"They want a young lady to play the pianner at a dime museum, for nine dollars a week. It's a bully chance. I just told the manager--he's a friend of mine--that I had a young lady friend that was a stunnin' player, and he wants you to come around and see him."

It was a preposterous idea--so Florence thought--that she should consent to play at such a place; but she couldn't expect Dodger to look at the matter in the same light, so she answered, very gently and pleasantly:

"You are very kind, Dodger, to look out for me, but I shall not need to accept your friend's offer. I have secured a chance to teach uptown."

"You have? What'll you get?"

"I am to be employed three hours daily, at fifty cents an hour."

"Geewhillikens! that's good! You'd have to work as much as twelve hours at the museum for the same pay."

"You see, therefore, that I am provided for--that is, if I suit."

Dodger was a little disappointed. Still, he could not help admitting that it would be better for Florence to teach three hours, than to work ten or twelve. As to her having any objection to appearing at a dime museum, that never occurred to him.

Florence had sent for her trunk, and it was now in her room.

Dodger accompanied an expressman to the house, and luckily saw Jane, who arranged everything for him.

"How's the old gentleman?" asked Dodger. "Florence wanted me to ask."

"He's feeble," said Jane, shaking her head.

"Does he miss Florence?"

"That he do."

"Why don't he send for her, then, to come back?" asked Dodger, bluntly.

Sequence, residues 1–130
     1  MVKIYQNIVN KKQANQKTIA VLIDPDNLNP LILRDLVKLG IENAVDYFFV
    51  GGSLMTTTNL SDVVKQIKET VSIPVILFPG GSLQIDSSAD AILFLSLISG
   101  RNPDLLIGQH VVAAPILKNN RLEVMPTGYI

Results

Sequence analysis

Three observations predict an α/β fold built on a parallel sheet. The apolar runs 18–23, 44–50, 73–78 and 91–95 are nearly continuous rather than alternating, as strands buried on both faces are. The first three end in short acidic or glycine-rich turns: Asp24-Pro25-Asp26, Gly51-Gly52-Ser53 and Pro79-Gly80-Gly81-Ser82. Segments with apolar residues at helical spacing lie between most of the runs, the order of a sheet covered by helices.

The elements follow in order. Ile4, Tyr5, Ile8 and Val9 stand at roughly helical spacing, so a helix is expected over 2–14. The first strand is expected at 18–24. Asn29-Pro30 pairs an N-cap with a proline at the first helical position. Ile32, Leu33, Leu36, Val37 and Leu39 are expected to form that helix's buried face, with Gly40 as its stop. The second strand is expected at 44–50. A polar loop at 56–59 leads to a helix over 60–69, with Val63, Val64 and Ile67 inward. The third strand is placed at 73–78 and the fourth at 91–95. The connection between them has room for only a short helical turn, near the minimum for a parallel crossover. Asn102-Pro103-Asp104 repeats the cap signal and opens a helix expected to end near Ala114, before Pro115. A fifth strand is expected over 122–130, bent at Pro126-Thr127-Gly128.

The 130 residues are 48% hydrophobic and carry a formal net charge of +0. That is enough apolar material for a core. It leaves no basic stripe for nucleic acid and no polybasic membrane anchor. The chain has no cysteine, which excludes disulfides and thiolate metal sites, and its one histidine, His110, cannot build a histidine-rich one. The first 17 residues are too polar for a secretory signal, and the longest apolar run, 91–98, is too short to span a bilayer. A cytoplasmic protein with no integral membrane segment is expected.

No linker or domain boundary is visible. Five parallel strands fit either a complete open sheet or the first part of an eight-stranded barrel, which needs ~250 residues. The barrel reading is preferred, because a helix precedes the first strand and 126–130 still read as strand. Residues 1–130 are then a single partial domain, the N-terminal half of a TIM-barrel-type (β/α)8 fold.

"Because Curtis Waring makes him believe she'll come around and ask forgiveness, if he only holds out. I tell you, Dodger, that Curtis is a viper."

"So he is," answered Dodger, who was not quite clear in his mind as to what a viper was. "I'd like to step on his necktie."

"If it wasn't for him, my dear young mistress would be back in the house within twenty-four hours."

"I don't see how the old gentleman can let him turn Florence out of the house."

"He's a snake in the grass, Dodger. It may be wicked, but I just wish something would happen to him. And how is Miss Florence lookin', poor dear?"

"She's lookin' like a daisy."

"Does she worry much?"

"She did at first, but now she's workin' every day, and she looks more cheerful-like."

"Miss Florence workin'! She that was always brought up like a lady!"

"She's teachin' a little girl three hours a day."

"Well, that isn't so bad!" said Jane, relieved. "Teachin' is genteel. I wish I could see her some day. Will you tell her, Dodger, that next Sunday is my day out, and I'll be in Central Park up by the menagerie at three o'clock, if she'll only take the trouble to be up there?"

"I'll tell her, Jane, and I'm sure she'll be there."

A day or two afterward Curtis Waring asked: "Have you heard from my Cousin Florence since she went away?"

"Yes, sir."

"Indeed! Where is she staying?"

"She didn't send me word."

"How, then, did you hear from her?"

"Dodger came with an expressman for her trunk."

Curtis Waring frowned.

"And you let him have it?" he demanded, sternly.

"Of course I did. Why shouldn't I?"

"You should have asked me."

"And what business have you with Miss Florence's trunk, I'd like to know?" said Jane, independently.

"Never mind; you ought to have asked my permission."

"I didn't think you'd want to wear any of Miss Florence's things, Mr. Waring."

"You are silly and impertinent," said Curtis, biting his lips. "Did that boy tell you anything about her?"

"Only that she wasn't worryin' any for you, Mr. Curtis."

Curtis glanced angrily at his cousin's devoted friend, and then, turning on his heel, left the room.

"I'll bring her to terms yet," he muttered. "No girl of seventeen shall defy me!" _

Read next: Chapter 13. Tim Bolton's Saloon

Read previous: Chapter 11. Florence Secures Employment